In thinking about the battle over LGBT equality threatening the worldwide Anglican Communion, I looked back at my Blogathon 2003 postings. At that time, the newspapers were filled with stories about the appointment of the Anglican Church’s first openly gay bishop — and his subsequent stepping-down (done in order to maintain denominational peace). That’, of course, was followed the very next year, by the consecration of The Communion’s first openly gay bishop who refused to step down. The US Episcopal Church’s promotion of the Rev. V. Gene Robinson to the post of Bishop of New Hampshire set off explosions that continue to this day. The story fills me still with great sadness and worry for the future of so-called representatives of Christ who loudly speak against GLBT people and their status before the Creator. Here is a fine analysis of the sad story from the UK’sGuardian dated July 12, 2003 that, reminds us of the cost of bigotry within religious denominations:
Call off the canon fire by Martyn Percy
Canon Jeffrey John’s withdrawal as Bishop of Reading is a major setback for the Church of England, and for the Anglican communion as a whole. He was, by any standards, an able and suited person for the appointment. He was, moreover, living within the guidelines laid down by the (arguably flawed) 1991 document, Issues In Human Sexuality.
But for some, his sexual abstinence was not enough. And in a series of unprecedented manoeuvres, Anglican bishops in England and from abroad united to scupper his consecration. At a stroke, powerful conservative forces have emasculated the historic power of appointment vested in a diocesan bishop, and set back the cause of inclusiveness and tolerance by decades.
I suspect that the victory conservative Christians feel they have
chalked up will be pyrrhic. For in pressurising Dr John to withdraw, the Church of England has failed to take note of the cultural change that has been gathering pace for several years. Instead of presenting a national church able to accommodate gay and lesbian people, it has shown a face of fear, ignorance and prejudice. Such a stance will not woo a nation back to church; it will alienate the young, and baffle all but the most hard-hearted.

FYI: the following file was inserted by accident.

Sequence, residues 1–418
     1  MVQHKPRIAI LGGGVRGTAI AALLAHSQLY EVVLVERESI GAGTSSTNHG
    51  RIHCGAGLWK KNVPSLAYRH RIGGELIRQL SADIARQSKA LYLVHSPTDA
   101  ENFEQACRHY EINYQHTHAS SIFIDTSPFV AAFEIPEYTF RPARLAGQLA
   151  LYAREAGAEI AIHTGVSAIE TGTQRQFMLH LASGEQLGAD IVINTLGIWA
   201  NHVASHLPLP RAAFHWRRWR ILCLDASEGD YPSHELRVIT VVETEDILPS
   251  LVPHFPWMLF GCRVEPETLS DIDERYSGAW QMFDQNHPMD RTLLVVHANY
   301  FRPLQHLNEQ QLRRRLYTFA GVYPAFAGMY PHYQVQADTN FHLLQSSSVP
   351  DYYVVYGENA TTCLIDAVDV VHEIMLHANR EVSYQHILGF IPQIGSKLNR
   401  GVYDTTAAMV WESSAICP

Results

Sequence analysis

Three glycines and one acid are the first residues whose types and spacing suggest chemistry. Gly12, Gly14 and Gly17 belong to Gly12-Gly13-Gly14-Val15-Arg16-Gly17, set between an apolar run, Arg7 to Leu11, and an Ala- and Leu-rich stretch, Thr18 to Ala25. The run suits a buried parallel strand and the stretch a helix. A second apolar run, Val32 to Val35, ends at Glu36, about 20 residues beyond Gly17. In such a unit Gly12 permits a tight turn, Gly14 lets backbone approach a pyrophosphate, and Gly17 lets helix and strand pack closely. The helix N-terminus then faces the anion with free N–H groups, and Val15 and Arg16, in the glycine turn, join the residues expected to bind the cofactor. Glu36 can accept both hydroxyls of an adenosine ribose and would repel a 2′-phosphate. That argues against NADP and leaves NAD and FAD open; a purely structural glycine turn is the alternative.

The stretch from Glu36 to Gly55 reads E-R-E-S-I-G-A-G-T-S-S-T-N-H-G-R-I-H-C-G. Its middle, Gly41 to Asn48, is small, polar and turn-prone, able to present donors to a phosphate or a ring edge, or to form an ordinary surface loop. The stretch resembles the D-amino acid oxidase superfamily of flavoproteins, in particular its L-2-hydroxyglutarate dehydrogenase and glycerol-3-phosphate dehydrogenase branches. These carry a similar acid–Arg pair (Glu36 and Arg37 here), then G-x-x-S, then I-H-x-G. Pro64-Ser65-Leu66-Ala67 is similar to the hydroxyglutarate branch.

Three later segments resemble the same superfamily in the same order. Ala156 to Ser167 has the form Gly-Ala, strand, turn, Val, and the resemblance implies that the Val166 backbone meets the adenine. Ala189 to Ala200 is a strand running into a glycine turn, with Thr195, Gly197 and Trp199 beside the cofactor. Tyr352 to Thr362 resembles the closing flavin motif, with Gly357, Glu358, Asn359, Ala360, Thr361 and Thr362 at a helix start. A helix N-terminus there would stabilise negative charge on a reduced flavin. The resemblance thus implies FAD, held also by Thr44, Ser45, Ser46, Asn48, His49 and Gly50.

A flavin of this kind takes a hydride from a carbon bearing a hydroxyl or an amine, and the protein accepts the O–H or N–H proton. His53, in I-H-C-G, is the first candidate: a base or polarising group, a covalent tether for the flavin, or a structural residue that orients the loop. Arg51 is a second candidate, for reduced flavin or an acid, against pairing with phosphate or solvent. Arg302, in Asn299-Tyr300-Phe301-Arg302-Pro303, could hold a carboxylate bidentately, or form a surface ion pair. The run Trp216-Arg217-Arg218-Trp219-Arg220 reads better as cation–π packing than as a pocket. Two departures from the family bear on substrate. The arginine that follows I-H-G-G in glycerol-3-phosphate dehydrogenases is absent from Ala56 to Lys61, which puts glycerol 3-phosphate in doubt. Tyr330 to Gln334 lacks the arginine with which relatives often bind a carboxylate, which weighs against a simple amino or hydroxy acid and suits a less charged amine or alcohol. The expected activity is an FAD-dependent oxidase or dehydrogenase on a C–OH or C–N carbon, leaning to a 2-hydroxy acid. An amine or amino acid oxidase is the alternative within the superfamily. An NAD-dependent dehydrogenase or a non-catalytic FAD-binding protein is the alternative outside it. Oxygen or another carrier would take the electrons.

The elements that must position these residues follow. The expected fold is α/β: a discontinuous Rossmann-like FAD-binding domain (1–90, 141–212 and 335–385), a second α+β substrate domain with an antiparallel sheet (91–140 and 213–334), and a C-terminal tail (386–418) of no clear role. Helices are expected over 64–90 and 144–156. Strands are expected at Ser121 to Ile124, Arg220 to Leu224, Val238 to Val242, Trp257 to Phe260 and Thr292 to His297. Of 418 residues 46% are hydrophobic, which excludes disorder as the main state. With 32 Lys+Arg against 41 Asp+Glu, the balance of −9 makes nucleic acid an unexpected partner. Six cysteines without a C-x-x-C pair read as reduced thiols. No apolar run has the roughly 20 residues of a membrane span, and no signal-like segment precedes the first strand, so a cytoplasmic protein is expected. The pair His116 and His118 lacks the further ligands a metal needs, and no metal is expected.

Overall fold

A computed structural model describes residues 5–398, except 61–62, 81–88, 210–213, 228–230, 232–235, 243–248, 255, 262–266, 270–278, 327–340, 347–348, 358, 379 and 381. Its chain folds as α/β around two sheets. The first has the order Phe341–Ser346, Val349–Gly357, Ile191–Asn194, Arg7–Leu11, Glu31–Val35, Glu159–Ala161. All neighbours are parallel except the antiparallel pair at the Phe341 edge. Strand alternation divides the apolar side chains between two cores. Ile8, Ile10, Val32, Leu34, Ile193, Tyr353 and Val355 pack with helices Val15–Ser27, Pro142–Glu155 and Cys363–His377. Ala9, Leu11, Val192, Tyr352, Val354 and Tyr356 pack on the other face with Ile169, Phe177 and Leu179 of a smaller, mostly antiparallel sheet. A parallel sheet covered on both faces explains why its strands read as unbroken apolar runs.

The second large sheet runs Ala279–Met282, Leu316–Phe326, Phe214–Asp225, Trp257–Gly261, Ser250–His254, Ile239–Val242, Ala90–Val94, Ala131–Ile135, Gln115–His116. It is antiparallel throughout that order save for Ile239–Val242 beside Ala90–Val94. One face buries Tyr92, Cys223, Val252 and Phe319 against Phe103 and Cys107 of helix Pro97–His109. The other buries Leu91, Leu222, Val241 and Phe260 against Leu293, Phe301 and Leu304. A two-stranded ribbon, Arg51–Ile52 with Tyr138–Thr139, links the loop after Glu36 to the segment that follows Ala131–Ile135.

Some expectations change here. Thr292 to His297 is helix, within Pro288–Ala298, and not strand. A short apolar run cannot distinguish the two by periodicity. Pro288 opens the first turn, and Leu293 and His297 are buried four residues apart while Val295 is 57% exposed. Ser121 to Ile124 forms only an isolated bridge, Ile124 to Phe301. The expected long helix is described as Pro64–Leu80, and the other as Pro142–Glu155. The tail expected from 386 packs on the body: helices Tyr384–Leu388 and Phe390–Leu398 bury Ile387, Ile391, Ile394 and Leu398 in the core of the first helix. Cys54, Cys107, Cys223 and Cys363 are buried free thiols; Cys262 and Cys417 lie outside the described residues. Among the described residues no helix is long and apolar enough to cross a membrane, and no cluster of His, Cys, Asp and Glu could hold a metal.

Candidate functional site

To be sure, the “gay issue” argument is divisive. But it will not ever be settled by one side being vindicated as orthodox, and the other condemned as heretical. Every form of Christianity is an incarnate accommodation of culture; a creature of eternity – but living in time. There is no version of Christianity that is absolutely “pure”, nor has there ever been. Every type and expression of faith has its own local accent and customs. Thus was it always so – even in the New Testament. There have always been Christians who have been homosexual. They have been a small but significant part of the church since the beginning.
What conservative Christians find problematic is that many more people today want to be more open about their faith and sexuality they want to be in the church for who they are, not locked in the vestry closet.
Conservative Christians are also fighting against the world. The
tectonic plates of culture have shifted in the postwar era, and
homosexuality has moved from being a private vice – for which one could be imprisoned – to being an alternative lifestyle largely accepted in the public sphere. Conservative Christians want to resist culture at this very point, and by taking a stand in the church, they hope to teach the world a lesson.
But the current climate of tolerance, openness and hospitality is not something that Christians should be trying to reject. Of course, the Bible does encourage the church to be discerning – Christians are to turn away from sin and error. But the only absolute division that the New Testament ever calls for is between believers and non-believers. And as gay Christians are clearly believers, their sexuality is very much a second-order issue.
Conservative Christians who try to make it a key test of orthodoxy are on dangerous ground. Where will it all end? Going back to excluding remarried divorcees from communion? Ostracising anyone involved in money-lending? Stoning gay people, as Leviticus demands?
Plainly, the Bible does not speak evenly or unambiguously about sexuality. The few references that may refer to homosexuality – and it is a “may” – are opaque and problematic. And the texts themselves have a long history of not being consistently interpreted and applied. The church, too, has a long history of embodying this, mostly by adopting covert double standards.
It is surely time to relocate the debate within more central gospel themes – any who is without sin may cast the first stone; judge not, lest you be judged. These might do for starters. And in the period of quiet reflection that Rowan Williams has rightly called for, Christians may begin to learn to live with their differences.
. The Rev Canon Dr Martyn Percy is director of the Lincoln Theological Institute at the University of Manchester.
What a shame Anglicans and their conservative American bretheren did not heed Rev. Percy’s words. Darkness may be having a field day, but never forget that hope lives. Remember, Jesus said to love. Seems that’s the place to start — and love does not mean discrimination or diminishment.
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